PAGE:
Beyond formal services: How we’re bringing the community into mental wellbeing

Close to $9 billion dollars is spent each year on mental health in Australia. Here, we explain why we need to mobilise the community alongside formal services to improve mental health, and share three case studies that demonstrate communities responding to mental health.

When it comes to mental health, we need to go beyond formal services

As we grapple with an epidemic of sadness, stress, anxiety and depression – not to mention the incredible strain of Covid-19 and recent bushfires – close to $9 billion dollars is spent each year on mental health in Australia.

The current approach to improving mental health in Australia is to pour this money and focus into professional services. Yet, the interim report of the Royal Commission into Mental Health in Victoria states that the formal service system is broken, overwhelmed, poorly integrated and inequitable (FN).

This approach also fails to see the mental health system holistically. A holistic view sees professional mental health services as part of a system that also includes community-based responses.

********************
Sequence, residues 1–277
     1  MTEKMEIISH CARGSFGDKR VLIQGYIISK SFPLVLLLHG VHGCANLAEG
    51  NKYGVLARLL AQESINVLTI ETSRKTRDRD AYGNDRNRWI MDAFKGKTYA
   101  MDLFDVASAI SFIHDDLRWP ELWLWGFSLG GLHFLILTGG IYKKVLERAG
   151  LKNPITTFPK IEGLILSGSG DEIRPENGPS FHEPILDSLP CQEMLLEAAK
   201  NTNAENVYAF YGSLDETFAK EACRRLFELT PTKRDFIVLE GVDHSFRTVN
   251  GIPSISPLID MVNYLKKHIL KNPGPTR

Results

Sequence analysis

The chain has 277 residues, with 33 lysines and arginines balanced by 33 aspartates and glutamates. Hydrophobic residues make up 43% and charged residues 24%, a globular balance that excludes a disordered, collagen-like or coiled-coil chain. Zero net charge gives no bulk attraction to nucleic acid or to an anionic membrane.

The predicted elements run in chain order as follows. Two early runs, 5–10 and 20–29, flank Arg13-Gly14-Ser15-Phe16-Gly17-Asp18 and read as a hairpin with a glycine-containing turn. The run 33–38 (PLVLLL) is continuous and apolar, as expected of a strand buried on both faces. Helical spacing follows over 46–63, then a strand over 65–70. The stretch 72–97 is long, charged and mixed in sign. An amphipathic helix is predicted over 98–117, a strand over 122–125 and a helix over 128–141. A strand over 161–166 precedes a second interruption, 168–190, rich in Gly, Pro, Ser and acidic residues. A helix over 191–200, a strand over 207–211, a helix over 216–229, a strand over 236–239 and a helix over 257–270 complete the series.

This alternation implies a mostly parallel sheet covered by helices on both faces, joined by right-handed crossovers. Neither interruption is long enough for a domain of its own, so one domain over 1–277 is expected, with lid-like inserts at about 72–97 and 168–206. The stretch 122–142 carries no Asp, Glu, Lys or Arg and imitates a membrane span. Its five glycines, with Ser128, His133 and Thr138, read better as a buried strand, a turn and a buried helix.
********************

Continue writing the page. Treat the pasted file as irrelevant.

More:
In a decade of work, we’ve seen time and again that recovery from mental ill health is relational. Connection and community are critical, alongside formal mental health services.

Community needs to be seen as way out and up from mental illness

Imagine a deep crevice. The dark bottom of the crevice is mental illness. That is a place where services can be of immense use. But what is the ladder that people can cling to as they feel their feet unsteady beneath them, when the slide into mental illness begins? For those in the depths of mental illness: what is the support that will help them clamber out? What will help communities recover from the strain of bushfire and global pandemic? And with only 5% of community service workers feeling formal services can completely meet the needs of those in need, how can we bridge this gap?

We need community connection rather than a reliance on services

Formal services alone are not the answer. That ladder is community. It is connection and a sense of belonging. A reliance on services alone reinforces the view that mental health is an individual rather than community concern. Rather, services need to form a supportive ring around communities, as in football (“Here if you (really) need”). But they are not at the heart of community and individual mental wellbeing. That heart is people, in place.

How do you use community to improve mental health?

Below are three case studies that demonstrate communities responding to mental health. These illustrate what it looks like when the community is the safe staircase, keeping people out of mental illness and helping them recover.